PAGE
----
The jury in the John Edwards trial deliberated for an eighth day on Wednesday. The panel has asked for little guidance as it debates the fate of the two-time former presidential candidate. Edwards is accused of soliciting almost a million dollars from a pair of wealthy donors to cover up his pregnant mistress. Jeff Tiberii of North Carolina Public Radio talks to host Melissa Block from the Federal Courthouse in Greensboro.
Oregon Gov. John Kitzhaber is leading a $2 billion health care experiment in the state, aimed at changing the way the sickest people in Oregon get health care. Here, he speaks during a press conference in Portland earlier this month.
There was a time when U.S. House colleagues Bill Pascrell and Steve Rothman, Democrats from neighboring congressional districts in northern New Jersey, called themselves friends.
But congressional redistricting means Pascrell and Rothman will face off in the state's Democratic primary on Tuesday for one congressional seat. And despite their long friendship, the race has been anything but collegial.
Melissa Block talks with Martin Kaste about an epidemic of gun violence in Seattle. A shooting near the University of Washington on Wednesday killed two people and wounded three. A woman was shot and killed in a separate incident in the center of the city. All this follows a weekend of violence that has the city shaken.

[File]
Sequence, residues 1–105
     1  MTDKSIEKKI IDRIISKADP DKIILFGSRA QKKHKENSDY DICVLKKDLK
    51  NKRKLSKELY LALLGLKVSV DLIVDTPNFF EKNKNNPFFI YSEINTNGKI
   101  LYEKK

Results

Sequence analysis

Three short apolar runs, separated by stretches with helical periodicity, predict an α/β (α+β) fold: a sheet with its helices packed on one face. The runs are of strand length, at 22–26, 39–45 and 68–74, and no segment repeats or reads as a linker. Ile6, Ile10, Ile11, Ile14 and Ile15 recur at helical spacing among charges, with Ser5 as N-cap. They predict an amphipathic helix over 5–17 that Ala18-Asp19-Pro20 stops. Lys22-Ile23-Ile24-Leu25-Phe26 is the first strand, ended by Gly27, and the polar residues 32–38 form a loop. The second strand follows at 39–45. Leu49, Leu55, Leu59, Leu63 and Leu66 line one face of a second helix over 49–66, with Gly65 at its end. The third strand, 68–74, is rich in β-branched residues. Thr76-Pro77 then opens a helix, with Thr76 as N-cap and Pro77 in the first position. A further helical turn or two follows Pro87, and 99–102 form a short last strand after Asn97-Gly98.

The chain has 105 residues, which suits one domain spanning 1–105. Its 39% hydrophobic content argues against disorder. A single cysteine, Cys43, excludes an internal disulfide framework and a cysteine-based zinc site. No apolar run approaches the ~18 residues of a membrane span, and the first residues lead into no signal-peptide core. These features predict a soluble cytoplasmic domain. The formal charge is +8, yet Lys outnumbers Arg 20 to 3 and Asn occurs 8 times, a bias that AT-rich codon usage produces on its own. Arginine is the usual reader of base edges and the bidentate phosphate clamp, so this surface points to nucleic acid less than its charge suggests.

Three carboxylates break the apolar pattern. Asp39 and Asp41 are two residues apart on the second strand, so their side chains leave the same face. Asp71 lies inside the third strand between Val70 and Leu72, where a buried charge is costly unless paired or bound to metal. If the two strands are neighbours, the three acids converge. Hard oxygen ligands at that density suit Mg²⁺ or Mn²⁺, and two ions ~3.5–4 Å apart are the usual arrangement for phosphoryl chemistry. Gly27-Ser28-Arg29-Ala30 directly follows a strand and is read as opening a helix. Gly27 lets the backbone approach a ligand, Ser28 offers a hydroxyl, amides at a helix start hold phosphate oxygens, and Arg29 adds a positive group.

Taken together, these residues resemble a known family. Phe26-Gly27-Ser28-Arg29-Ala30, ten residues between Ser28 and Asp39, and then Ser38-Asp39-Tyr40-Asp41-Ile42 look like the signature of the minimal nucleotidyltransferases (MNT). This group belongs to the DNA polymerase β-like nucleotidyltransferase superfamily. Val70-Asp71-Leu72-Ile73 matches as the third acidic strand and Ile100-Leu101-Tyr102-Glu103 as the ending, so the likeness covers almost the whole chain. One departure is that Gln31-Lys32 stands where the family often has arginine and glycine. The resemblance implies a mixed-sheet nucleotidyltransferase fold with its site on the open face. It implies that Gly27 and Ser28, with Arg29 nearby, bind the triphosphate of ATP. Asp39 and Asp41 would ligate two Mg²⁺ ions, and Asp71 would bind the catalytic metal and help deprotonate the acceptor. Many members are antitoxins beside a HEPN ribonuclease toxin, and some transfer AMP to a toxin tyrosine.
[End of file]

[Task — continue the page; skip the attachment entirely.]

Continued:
Tuesday night there was another strong Tea Party showing in the Republican Senate primary in Texas. The expected nominee, David Dewhurst, was unable to avoid a runoff because of strong far right support for Ted Cruz. Melissa Block talks with Emily Ramshaw of the Texas Tribune about the result.
Originally published on Tue September 18, 2012 4:52 pm
German baritone Dietrich Fischer-Dieskau, who died earlier this month at age 86, was a paragon of excellence for generations of singers and fans. After his passing, we called American baritone Thomas Hampson for his memories of Fischer-Dieskau, whom he has called "a Singer for the ages, an Artist for eternity."
In the annals of incumbents failing to get on the ballot, Rep. Thad McCotter's epic fail has some company. Maybe not lots of it since incumbents tend to know, if nothing else, how to work the levers in their favor.
But there have been other incumbents derailed by the requirement to obtain voter signatures to get on ballots even if you sometimes have to go back quite a ways to find them. If it's a wing in the political hall of shame for incumbents, it would be a small room compared, say, to the much larger one for convicted politicos.